Plate 77 Feature
ONE WAS DESTROYED IN THE SAN FRANCISCO EARTHQUAKE OF 1906. ANOTHER WAS STOLEN IN 1965 AND NEVER SEEN AGAIN. OTHERS GRACE THE ROYAL COLLECTION AND THE BRITISH LIBRARY.
SPINK IS PLEASED TO OFFER BY PRIVATE TREATY.
ONE OF ONLY THREE SINGLE EXAMPLES OF THE LEGENDARY PLATE 77 PENNY RED REMAINING IN PRIVATE HANDS
The Plate 77 Penny Red is a stamp that young collectors of British stamps dream about. Along with the British Guiana one cent Magenta, it is one of those stamps that every budding philatelist hopes to find in a dealer’s box or a book of “approvals”. Unlike the British Guiana though, Penny Reds are everywhere – hundreds and thousands of them, sold by the bundle and even used to wallpaper pubs! Surely someone somewhere is bound to find another Plate 77?
The story of Great Britain’s Penny Red begins in 1840, shortly after the issue of the world’s first stamp, the Penny Black. The postal authorities quickly realised that unscrupulous characters were washing off the postmarks and reusing the stamps – and it was determined, after printing trials, that changing the colour of the stamps from black to red brown would make the fraud easier to detect. The first Penny Reds were produced in 1841 and, like the Penny Black, they were imperforate and produced from eleven printing plates.From 1854, perforated versions were produced, and the stamp went through a number of incarnations with minor changes to the design, perforations and watermark. The final version, issued in 1864 with letters in all four corners, was produced from a number of printing plates numbered from 71 to 225. Overall, some 21 billion Penny Reds were produced before the issue came to an end in 1879. Of all the plates, 77 is the rarest. It is likely that only one sheet was printed, and there is a record that the printing plate was rejected due to poor alignment which would result in some stamps being misperforated. This sheet should have been destroyed, but a few mint and used examples have been discovered over the years. Percy Jackson was one of those collectors best described as a Penny Red nut. A retired bank manager, he lived in a rented cottage in the small village of Ropley in Hampshire with his wife Ellen. A keen stamp collector and member of the Royal Philatelic Society of London (RPSL),he wrote to The London Philatelist in 1943, requesting information about Penny Reds.Only the following year, sorting through a “box of a million Penny Reds”, he found his elusive Plate 77. It would certainly have been the highlight of his philatelic life. He sent the stamp to the RPSL for a certificate of authenticity, and put it up for sale at a Robson Lowe auction in 1944, where it sold for £220. It has never appeared at auction since.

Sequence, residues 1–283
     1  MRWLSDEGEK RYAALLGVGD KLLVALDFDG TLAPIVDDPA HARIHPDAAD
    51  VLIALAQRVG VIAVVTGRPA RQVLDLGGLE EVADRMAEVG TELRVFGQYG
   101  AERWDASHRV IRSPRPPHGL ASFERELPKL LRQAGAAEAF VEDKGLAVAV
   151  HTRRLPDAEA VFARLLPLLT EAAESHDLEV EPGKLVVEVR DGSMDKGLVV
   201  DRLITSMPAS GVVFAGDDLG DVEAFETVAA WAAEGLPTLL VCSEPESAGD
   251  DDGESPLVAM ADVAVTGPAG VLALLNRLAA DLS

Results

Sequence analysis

The Eight Singles from Plate 77:
An unused irregular block of four (with corner letters AA, AB, AC and BA) was discovered in the 1870s. Of these,
- AA ended up in the collection of Henry J Crocker (one of the Fathers of Philately) which was destroyed in a fire following the San Francisco earthquake of 1906
- AB was acquired by King George V in 1919 and is still in the Royal Collection
- AC was sold in a Robson Lowe auction to Major Raphael in 1959 – but his collection was stolen in 1965, and the stamp has not been seen since
- BA became part of the Thomas Tapling Collection and was bequeathed to the British Museum in 1891 – it is held in The British Library today.
- LL, heavily cancelled by an obliterator postmark, was discovered by a Penny Red collector in 1906. It passed through a number of hands before being sold for £375 in 1966. It is now in a private collection and has not been seen since 1974.
The remaining examples are all used.
Interestingly, three examples (PH, PI and MI) supposedly all originated from one wholesale lot of Penny Reds divided among a number of collectors.
- PH was discovered in 1924 and passed through a several collections before being sold to H G Fletcher in 1956. His collection was bequeathed to a museum in 1989 and transferred to The British Library where it remains.
- PI, a used example on piece with a four-penny stamp, was discovered by a Manchester stamp dealer in 1920.It was auctioned by Robson Lowe in 1959 for £900, and subsequently by Christie’s and Spink, passing through the collections of Hassan Shaida and Pichai Buranasombati. Last sold in 2012 by Stanley Gibbons for £550,000 (a record for a British stamp) it remains in private hands.
- MI was discovered by Percy Jackson in 1944 and auctioned for £220 by Robson Lowe.
The recent discovery of a part-envelope bearing three Penny Red stamps inscribed 77 has stimulated much debate in the philatelic world. Rigorous scientific testing has proved the stamps to be genuine, but some philatelic authorities are yet to be convinced. It appears that the saga of the Plate 77 is set to continue…
Like the British Guiana one cent Magenta, the Plate 77 may not be the most visually inspiring stamp – but over the years, it has assumed legendary status. The handful of examples which have come to light have graced some of the most famous collections in the world. There is no doubt that the Plate 77 will continue to inspire generations of collectors to come.